The fortunes of the house, and eventually the immediately surrounding area, began to change in the early 1980s when director Bob Clark began scouting for a location.
The film takes place in a fictional town called Hohman, Indiana. Most exteriors were shot in Toronto. Interior scenes were done on a stage set. But in every sense of the word (no, not the “fudge” word) Ohio’s Tremont neighborhood is where Ralphie Parker and his family experienced A Christmas Story.
3159 West 11th Street, just south of Clark Avenue, is A Christmas Story House. Across the road is A Christmas Story Museum and a gift shop. All three locations are open 365 days a year for tours, along with a chance to buy everything from leg lamp nightlights and pink bunny suits to Lifebuoy Soap and faux Red Ryder carbine-action, two-hundred-shot, range-model air rifles. Be careful not to shoot your eye out!
The house was built in 1895: a colonial-style home in an area comprised largely of families whose men worked in the nearby Flats. The Mittal Steel plant (formerly J&L and Republic Steel) can be seen from the house’s back yard. The neighborhood’s arc mirrored that of Tremont—clinging to working-class status for much of the 20th century and floundering in the 1960s and 1970s when suburban flight and freeway construction desecrated the area. Spurred by artists and urban pioneers, Tremont began its upswing several decades later, but Ralphie’s neighborhood—well outside the borders of “hip Tremont”—has remained solidly blue collar. According to staff at the Christmas Story House, 3159’s basement used to host many an illegal cockfight.
The fortunes of the house, and eventually the immediately surrounding area, began to change in the early 1980s when director Bob Clark began scouting for a location in which to set A Christmas Story. Clark visited more than 20 cities looking for the perfect house. Since a vintage department store was needed for the parade and Santa-line scenes, Clark also sent letters to about 100 department stores around the country. Only Higbee’s in downtown Cleveland responded, but that was okay because both the department store and 3159 West 11th were ideal. Clark also liked the way the Tremont neighborhood had looked in 1978’s The Deer Hunter. Local auto club members lent Clark their antique cars. To thank the city, the producers named the house’s fictional thoroughfare Cleveland Street.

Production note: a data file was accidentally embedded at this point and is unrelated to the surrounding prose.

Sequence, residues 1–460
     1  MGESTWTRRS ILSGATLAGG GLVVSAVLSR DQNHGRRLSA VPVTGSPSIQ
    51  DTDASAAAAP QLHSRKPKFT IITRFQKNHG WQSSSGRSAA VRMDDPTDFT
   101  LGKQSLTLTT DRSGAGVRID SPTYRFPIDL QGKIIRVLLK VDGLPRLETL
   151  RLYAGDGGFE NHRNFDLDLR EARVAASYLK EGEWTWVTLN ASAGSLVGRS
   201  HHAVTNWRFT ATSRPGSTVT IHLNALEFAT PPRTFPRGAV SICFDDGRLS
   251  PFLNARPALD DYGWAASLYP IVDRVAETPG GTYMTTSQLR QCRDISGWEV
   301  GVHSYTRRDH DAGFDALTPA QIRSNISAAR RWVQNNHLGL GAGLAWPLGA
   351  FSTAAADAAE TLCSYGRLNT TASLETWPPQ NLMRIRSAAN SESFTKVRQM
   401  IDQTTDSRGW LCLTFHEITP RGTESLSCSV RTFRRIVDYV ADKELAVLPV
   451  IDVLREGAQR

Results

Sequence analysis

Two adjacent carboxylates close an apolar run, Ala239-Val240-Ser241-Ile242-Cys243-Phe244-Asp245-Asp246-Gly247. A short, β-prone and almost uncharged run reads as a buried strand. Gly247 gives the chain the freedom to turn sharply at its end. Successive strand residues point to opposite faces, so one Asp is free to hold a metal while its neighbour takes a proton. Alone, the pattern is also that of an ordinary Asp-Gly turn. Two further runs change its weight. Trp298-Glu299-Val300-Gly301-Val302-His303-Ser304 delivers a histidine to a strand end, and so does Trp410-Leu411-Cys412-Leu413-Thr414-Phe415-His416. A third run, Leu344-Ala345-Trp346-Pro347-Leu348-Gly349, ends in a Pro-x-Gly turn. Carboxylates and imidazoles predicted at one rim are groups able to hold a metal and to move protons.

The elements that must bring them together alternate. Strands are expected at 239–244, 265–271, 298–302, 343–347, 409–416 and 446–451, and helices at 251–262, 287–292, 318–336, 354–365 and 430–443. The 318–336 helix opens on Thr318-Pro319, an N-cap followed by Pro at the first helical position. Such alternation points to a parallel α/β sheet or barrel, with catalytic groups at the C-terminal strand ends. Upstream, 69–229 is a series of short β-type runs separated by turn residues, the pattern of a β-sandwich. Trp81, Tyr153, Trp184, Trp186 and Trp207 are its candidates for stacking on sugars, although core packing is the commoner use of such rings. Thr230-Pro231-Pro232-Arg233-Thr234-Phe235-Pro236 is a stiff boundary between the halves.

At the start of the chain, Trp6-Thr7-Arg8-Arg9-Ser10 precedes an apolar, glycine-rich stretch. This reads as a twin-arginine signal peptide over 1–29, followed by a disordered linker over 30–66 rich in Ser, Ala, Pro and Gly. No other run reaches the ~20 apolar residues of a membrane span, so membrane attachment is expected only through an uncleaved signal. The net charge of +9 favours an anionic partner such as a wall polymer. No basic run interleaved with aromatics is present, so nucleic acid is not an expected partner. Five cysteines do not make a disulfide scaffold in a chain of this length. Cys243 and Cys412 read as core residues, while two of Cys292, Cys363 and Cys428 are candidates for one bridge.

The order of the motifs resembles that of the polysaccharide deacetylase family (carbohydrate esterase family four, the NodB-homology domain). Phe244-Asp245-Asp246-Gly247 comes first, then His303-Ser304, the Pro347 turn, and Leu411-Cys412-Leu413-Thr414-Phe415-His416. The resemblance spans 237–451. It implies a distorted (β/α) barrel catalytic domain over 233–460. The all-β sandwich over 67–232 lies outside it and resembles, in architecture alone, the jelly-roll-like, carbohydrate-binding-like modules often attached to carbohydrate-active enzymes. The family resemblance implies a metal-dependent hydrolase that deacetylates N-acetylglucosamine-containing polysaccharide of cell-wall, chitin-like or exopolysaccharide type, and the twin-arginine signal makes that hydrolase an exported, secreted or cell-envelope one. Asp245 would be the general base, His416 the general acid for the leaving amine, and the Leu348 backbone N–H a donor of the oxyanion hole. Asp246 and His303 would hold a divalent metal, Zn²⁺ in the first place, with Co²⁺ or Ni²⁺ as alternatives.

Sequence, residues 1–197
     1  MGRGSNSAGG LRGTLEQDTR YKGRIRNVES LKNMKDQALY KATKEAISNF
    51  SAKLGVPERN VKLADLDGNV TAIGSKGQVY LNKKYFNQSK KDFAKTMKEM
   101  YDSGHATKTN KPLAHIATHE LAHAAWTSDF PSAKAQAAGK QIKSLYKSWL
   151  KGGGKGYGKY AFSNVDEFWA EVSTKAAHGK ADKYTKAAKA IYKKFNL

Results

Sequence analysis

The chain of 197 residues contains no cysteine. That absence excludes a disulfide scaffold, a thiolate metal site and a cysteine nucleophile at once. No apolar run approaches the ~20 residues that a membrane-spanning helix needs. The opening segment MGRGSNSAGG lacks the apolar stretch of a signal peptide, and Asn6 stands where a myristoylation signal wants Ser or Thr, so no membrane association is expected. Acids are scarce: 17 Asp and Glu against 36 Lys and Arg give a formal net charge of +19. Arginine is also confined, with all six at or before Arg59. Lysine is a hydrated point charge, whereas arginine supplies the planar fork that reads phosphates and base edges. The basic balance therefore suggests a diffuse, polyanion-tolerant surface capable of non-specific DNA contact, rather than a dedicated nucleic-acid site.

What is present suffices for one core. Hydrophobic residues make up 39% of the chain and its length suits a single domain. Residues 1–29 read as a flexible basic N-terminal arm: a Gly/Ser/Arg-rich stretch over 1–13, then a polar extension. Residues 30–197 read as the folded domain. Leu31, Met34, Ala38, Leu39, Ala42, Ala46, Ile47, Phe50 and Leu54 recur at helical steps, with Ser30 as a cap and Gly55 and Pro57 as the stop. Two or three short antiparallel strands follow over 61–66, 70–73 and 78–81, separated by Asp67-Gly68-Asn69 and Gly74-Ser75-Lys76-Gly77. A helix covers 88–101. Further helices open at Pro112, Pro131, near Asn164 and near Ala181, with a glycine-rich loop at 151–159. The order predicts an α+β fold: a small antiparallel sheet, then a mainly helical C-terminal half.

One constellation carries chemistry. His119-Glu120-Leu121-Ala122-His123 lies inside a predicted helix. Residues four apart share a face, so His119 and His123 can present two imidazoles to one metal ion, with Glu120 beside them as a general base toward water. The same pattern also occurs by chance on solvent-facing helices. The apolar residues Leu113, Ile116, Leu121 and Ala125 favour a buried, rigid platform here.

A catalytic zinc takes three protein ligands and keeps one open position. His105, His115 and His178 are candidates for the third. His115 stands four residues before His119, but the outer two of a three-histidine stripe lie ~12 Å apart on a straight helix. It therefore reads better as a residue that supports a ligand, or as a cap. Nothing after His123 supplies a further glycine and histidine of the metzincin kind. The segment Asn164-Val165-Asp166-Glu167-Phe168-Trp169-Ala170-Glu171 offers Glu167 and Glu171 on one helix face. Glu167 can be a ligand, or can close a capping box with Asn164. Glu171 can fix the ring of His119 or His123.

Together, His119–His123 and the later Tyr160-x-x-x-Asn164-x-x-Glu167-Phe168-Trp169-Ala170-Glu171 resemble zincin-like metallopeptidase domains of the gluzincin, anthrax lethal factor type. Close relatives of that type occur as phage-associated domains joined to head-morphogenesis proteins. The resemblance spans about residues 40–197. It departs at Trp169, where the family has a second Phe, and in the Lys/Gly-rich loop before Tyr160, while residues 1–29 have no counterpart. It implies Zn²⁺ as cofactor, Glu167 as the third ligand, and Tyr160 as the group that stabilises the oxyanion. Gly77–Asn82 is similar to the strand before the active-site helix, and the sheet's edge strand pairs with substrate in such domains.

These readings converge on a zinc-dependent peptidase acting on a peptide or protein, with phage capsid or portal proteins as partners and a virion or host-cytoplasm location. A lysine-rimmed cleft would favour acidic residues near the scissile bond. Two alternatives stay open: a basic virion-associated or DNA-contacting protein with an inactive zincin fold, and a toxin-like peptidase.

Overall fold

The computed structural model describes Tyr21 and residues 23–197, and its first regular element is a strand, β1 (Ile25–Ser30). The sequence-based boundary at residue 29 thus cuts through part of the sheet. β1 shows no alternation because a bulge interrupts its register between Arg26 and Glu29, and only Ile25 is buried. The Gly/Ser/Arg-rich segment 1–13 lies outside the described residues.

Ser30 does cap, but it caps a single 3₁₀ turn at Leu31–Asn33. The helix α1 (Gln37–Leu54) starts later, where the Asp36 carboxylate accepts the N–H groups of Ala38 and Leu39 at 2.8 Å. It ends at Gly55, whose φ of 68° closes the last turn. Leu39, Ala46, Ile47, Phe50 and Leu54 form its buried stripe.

A mild sort of cinematic history was made in 1983 when A Christmas Story was released. The film was marginally successful at the outset, but its accolades and popularity increased over time. Leonard Maltin gave the film four stars, calling it “delightful” and “truly funny.” AOL, IGN, E! Entertainment, and at least one viewer poll have cited A Christmas Story as the top holiday film of all time. The movie earned Bob Clark two Genie Awards and in 2012, A Christmas Story was selected by the Library of Congress for preservation in the National Film Registry as being “culturally, historically, or aesthetically significant.” Every year, TBS runs A Christmas Story for 24 consecutive hours beginning on Christmas Eve.
Twenty-one years after the film was released, entrepreneur Brian M. Jones, a native of San Diego, bought the house on eBay for $150,000. He used revenue from his business, The Red Rider Leg Lamp Company, for the down payment. It was, in the words of Old Man Parker, a “major award”: an opportunity to create a new kind of museum in Cleveland. Watching the movie frame by frame, Jones drew interior plans and spent $240,000 to reconfigure the structure as a single-family dwelling and a near-perfect replica of the movie set. Jones then stocked the interior with movie props. Entering the house, visitors now are greeted by the infamous leg lamp, the Parker’s decorated tree, a kitchen stocked with Ovaltine, and the sink where Randy hid. Upstairs, they can see the bathroom where Ralphie’s decoder ring and a bar of Lifebuoy soap reside. The back yard, where several scenes were filmed, looks just like the movie. Near the front entrance is a memorial bench dedicated to Clark. It sits on the exact spot where he had a cameo as a nosy neighbor.
The house and museum opened to the public on November 25, 2006, with original cast members attending the grand opening. The site drew 4,300 visitors during its opening weekend, and tens of thousands of faithful fans have made the pilgrimage since. Most went because they, like many pundits and critics, believe that A Christmas Story is one of Hollywood’s best. A few, however, may have been “double-dog dared” to attend.